5. You need to make a choice: either it’s usability or it’s aesthetic
Rest assured that the look and usability of a page can and should work together. What often happens is that, due to lack of expertise in web design and UX, we cannot combine the two things, leaving us to choose a path.
When it comes to this, be aware that it is entirely worthwhile to invest a lot of time and effort to find the best solution. Usability and aesthetics in no way compete with each other.
One of the best known and most efficient tests is the so-called A/B test, which consists of dividing the traffic of a given page into two versions: the current one and a “challenging” one, with modifications. Then, you measure which version has the highest conversion rate.
CRO and the A/B Test
A very important fact about CRO is that no changes to your site can be based on guesswork. More than that: it is important that any change is premeditated and mainly tested before being applied.
That’s because even if a certain change has worked for a certain person, it doesn’t mean it will have the same effect on you. This is because the main variable of CRO strategies is the audience that accesses your website, and this will always have its business-to-business peculiarities.
A very common and practical model of testing changes before applying them is A/B testing. To track test results effectively, you can use the A/B Test Calculator, a Digital Results tool that lets you know which of the two versions is the most successful.
There are some very important precautions before running an A/B test. In order for the data that you want to collect through the test to be as sure of you as possible, you need to pay close attention to some details.
One of them is to ensure that from “version A” to “version B”, the change made is the only one. That’s because, if you change several elements at once, how can you be sure why one version performs better than the other?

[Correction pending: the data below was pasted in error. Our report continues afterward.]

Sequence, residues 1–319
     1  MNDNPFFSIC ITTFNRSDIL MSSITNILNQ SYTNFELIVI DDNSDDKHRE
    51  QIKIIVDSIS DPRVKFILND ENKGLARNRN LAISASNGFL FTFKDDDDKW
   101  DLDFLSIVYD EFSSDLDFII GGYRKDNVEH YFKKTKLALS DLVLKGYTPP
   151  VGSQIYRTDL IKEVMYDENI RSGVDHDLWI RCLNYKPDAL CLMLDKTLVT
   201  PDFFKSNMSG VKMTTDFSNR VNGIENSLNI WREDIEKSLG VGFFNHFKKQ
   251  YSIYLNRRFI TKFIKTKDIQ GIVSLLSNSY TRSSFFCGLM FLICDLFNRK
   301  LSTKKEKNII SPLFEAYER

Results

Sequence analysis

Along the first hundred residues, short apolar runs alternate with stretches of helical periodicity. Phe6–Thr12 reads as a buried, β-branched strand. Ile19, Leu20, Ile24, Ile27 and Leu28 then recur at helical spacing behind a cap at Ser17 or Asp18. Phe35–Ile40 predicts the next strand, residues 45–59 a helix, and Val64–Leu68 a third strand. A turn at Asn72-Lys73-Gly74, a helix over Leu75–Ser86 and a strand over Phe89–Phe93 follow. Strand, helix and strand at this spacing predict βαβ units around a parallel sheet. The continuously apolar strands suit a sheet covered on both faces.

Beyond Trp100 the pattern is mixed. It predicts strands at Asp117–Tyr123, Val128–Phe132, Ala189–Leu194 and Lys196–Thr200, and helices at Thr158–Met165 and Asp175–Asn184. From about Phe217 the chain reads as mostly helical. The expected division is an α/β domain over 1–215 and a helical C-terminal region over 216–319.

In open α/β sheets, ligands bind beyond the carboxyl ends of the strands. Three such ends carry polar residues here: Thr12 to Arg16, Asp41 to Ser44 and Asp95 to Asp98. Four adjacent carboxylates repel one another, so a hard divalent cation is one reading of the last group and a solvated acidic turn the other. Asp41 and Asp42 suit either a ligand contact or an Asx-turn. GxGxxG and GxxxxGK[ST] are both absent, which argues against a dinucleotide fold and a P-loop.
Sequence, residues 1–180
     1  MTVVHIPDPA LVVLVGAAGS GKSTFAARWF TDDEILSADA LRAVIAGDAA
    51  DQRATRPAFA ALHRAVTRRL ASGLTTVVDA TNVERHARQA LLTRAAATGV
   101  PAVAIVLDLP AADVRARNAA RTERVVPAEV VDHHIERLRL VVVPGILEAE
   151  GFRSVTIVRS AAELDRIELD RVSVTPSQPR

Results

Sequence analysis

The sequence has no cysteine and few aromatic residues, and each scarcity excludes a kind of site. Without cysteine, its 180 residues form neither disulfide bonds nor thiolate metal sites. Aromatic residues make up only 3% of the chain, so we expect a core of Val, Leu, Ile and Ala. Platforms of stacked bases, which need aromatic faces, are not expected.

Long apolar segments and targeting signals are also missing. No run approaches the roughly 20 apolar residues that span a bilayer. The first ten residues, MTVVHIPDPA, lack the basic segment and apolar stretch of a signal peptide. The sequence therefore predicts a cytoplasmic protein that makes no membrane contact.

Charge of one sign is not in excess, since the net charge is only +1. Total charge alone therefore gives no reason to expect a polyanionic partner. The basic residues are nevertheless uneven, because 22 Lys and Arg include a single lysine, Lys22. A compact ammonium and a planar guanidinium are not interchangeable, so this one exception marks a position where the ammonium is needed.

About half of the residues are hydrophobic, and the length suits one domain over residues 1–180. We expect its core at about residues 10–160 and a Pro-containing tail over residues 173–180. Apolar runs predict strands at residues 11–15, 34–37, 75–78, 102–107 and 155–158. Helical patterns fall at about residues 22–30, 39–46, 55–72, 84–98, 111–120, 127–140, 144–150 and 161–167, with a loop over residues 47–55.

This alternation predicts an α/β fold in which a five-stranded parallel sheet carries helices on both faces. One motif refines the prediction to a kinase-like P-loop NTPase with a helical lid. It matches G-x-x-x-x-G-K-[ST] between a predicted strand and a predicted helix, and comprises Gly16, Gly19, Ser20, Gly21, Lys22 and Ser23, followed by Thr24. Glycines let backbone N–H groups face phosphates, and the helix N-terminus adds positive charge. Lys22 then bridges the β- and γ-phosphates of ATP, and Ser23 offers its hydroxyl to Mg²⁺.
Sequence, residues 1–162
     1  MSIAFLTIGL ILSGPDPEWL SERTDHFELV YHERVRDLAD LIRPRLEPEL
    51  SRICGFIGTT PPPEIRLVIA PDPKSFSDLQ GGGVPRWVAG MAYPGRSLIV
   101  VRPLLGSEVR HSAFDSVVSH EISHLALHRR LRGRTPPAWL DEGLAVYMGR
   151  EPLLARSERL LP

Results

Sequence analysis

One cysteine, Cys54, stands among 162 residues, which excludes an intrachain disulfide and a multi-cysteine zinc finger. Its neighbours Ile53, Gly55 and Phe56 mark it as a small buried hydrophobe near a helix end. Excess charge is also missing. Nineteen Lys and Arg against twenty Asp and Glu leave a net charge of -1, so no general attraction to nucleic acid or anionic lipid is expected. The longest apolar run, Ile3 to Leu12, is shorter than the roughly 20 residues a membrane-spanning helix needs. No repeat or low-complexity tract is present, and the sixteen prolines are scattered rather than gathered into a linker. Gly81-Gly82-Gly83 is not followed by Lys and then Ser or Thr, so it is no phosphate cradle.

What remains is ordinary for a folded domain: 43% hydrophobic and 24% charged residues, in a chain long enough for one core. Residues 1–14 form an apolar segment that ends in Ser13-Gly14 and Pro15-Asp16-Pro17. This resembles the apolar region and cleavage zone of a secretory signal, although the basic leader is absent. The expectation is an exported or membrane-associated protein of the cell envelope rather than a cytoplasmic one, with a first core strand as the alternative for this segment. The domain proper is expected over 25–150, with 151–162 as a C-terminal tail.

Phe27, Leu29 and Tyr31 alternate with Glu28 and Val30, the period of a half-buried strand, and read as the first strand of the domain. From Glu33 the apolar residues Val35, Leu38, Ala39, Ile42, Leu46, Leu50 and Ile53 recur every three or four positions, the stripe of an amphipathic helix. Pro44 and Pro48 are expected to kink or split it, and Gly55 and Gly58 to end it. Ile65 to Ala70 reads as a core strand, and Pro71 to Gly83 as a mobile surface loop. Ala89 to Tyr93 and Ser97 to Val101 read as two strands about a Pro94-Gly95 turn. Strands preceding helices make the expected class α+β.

Another important precaution is seasonality. Make sure your tests last at least a full week, as the audience that visits your site on a Monday may not be the same audience that visits on a weekend. For this reason, testing becomes more reliable over time.
Also be careful with holidays, anniversaries, or any event that might influence the amount and type of traffic your site will receive.
Also read the post What is A/B Testing and what you can test (bonus: see how we increased a page’s conversion by 167%) .
The most common mistakes when running an A/B test that you should avoid:
- Do not let the test run for as long as necessary;
- Test elements that are very small or without significant impact;
- Test random items;
- False positives or partial tests;
- Not knowing when to take a test;
- Fail to optimize by traffic source;
- Focus on pure conversion only;
- Treat low-traffic pages or sites in the same way as high-traffic sites.
3 Sample A/B Tests You Can Apply This Week
To make the explanation more practical, we share some tests that we carried out here at RD and that we consider useful to be applied to make your Digital Marketing actions even more efficient.
1. Highlight the form color of a Landing Page
The idea of this experiment was to change the color of the form on the RD Station Marketing free trial page to make it stand out more. That’s because the form was practically the same color as the background. With this, we hoped to increase the Landing Page’s conversion rate.
We believed that by increasing the contrast of the form with the background, the form would be more prominent, improving conversions by 20% over the original Landing Page.
We then duplicated the original page, made changes to the second version of the page, and started testing. Finally, we evaluated the performance of the experiment, concluding that the challenging version (form with more contrast) had a conversion rate 27% higher than the original version (form with low contrast), confirming the initial hypothesis of the experiment.